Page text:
By Ron Rash
When the scarred remains of a 17-year-old girl are found in the waters of a secluded North Carolina mountain creek, law officers reopen a probe of her long-unexplained disappearance.
It has been 46 years since she was reported missing. Now it is clear she hadn’t run away; instead, she had been murdered, the body wrapped and buried at the creek.
Her disappearance in 1969 has haunted and taken a toll on Eugene Matney. As a 16-year-old, he had experienced — during that year, with that girl, at that creek — the loss of his virginity and his first taste of alcohol.
He also stole Valium, Quaaludes and other drugs for her, slipping them from the doctor’s office of his domineering grandfather.
His older brother, Bill Matney, initially is a willing participant in these illicit creekside escapades. But Bill, at 21, soon leaves the girl to Eugene, and grows increasingly concerned that she is bad news.
“The Risen,” a new novel by Ron Rash, is in part a tale of two brothers: Bill is stable, athletic, determined, a caring husband and father who in time becomes a gifted surgeon; Eugene, who wanted to be a writer, is much the opposite and turns to the bottle after his marriage comes apart.
The story is told by Eugene, who writes chapters that alternate between the furtive events of 1969 with his teenage lover — Ligeia is the fictional name he gives her — and the criminal case that torments him in 2015 with the discovery of her remains.
Rash’s best work often draws on the travails of Appalachian life. “The Risen,” while set in the Carolina mountain terrain around Asheville, is less about the region than a psychological drama about a fractured family, a crime and the torment of its decades-long, unresolved aftermath.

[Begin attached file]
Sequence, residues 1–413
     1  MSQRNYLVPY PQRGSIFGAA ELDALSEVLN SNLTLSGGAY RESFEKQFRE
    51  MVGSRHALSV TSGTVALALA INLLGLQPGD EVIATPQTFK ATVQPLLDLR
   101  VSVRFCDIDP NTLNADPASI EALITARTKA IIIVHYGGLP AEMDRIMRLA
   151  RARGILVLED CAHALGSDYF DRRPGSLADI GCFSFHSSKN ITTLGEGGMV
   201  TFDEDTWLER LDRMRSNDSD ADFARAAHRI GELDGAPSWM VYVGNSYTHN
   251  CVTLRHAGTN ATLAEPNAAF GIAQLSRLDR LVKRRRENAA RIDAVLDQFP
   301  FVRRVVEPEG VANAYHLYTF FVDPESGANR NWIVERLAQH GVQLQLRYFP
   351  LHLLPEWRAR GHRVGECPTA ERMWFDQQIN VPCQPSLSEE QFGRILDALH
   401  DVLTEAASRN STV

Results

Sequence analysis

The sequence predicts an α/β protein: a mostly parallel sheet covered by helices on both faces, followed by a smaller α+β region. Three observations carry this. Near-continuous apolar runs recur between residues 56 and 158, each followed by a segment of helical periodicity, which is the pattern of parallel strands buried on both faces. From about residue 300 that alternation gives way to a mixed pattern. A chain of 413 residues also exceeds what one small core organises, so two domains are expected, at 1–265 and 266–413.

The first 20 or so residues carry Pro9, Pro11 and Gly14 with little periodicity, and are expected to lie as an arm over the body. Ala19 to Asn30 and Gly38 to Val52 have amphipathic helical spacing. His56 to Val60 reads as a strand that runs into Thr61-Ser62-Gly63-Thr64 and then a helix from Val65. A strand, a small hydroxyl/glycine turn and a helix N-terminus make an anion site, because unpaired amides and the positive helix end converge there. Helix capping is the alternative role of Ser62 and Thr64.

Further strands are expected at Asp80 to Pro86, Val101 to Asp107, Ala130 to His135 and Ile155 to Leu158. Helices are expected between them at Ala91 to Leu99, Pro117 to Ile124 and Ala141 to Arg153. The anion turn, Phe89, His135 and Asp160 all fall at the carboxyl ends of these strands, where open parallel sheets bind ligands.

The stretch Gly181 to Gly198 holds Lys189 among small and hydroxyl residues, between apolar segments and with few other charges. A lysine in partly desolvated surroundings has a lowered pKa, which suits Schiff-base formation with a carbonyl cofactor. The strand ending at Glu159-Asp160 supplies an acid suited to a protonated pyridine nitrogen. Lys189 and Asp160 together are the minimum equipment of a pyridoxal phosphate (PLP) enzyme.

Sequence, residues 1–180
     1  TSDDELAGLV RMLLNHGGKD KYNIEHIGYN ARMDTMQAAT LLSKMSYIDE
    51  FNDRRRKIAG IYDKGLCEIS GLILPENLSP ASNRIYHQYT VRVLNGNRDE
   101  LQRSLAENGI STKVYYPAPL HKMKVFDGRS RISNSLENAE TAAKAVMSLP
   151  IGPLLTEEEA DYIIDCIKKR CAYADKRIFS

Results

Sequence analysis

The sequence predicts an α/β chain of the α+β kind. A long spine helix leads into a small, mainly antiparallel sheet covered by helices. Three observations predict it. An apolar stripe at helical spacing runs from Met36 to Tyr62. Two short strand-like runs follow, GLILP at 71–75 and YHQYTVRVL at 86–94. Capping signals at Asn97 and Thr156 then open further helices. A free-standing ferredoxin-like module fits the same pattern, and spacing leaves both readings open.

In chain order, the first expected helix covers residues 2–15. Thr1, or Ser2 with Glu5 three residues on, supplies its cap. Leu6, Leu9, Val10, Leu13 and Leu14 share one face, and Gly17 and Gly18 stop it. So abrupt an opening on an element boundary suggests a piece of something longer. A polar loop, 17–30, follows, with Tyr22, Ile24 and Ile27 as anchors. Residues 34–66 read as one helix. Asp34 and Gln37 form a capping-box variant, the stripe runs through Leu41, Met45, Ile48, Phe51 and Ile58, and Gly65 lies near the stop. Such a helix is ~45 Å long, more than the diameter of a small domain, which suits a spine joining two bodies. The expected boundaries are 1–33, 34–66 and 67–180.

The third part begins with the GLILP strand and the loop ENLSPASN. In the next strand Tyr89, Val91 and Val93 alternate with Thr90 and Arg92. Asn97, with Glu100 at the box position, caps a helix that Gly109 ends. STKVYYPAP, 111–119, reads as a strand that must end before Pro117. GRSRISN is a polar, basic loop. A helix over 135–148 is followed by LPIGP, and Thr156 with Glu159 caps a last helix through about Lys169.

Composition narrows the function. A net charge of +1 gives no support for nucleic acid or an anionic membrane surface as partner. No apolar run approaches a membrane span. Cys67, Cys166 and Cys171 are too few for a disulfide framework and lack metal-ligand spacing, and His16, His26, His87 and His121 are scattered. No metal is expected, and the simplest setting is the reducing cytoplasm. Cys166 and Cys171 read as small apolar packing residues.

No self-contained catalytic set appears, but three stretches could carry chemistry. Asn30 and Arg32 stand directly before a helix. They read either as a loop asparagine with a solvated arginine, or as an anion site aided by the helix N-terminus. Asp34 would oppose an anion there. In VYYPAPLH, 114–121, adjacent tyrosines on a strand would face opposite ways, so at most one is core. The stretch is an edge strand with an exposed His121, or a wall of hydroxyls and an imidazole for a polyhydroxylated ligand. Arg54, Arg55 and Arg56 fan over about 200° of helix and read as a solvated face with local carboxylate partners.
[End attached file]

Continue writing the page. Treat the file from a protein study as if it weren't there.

There is a flatness to some of the dialogue, particularly when the young Matneys and Ligeia are talking. But Rash skillfully weaves the plot around events nearly half a century apart, and the novel becomes both suspenseful and thought-provoking.
— Kendal Weaver
The Associated Press
Week ending Aug. 28, 2016.
1. “The Underground Railroad” by Colson Whitehead (Doubleday)
2. “Sting” by Sandra Brown (Grand Central Publishing)
3. “Bullseye” by James Patterson and Michael Ledwidge (Little, Brown)
4. “The Woman in Cabin 10” by Ruth Ware (Gallery/Scout Press)
5. “Curious Minds” by Janet Evanovich and Phoef Sutton (Bantam)
6. “Truly Madly Guilty” by Liane Moriarty (Flatiron Books)
7. “Sweet Tomorrows” by Debbie Macomber (Ballantine)
8. “Insidious” by Catherine Coulter (Gallery Books)
9. “The Black Widow” by Daniel Silva (Harper)
10. “Surrender, New York” by Caleb Carr (Random House)
— Publisher’s Weekly
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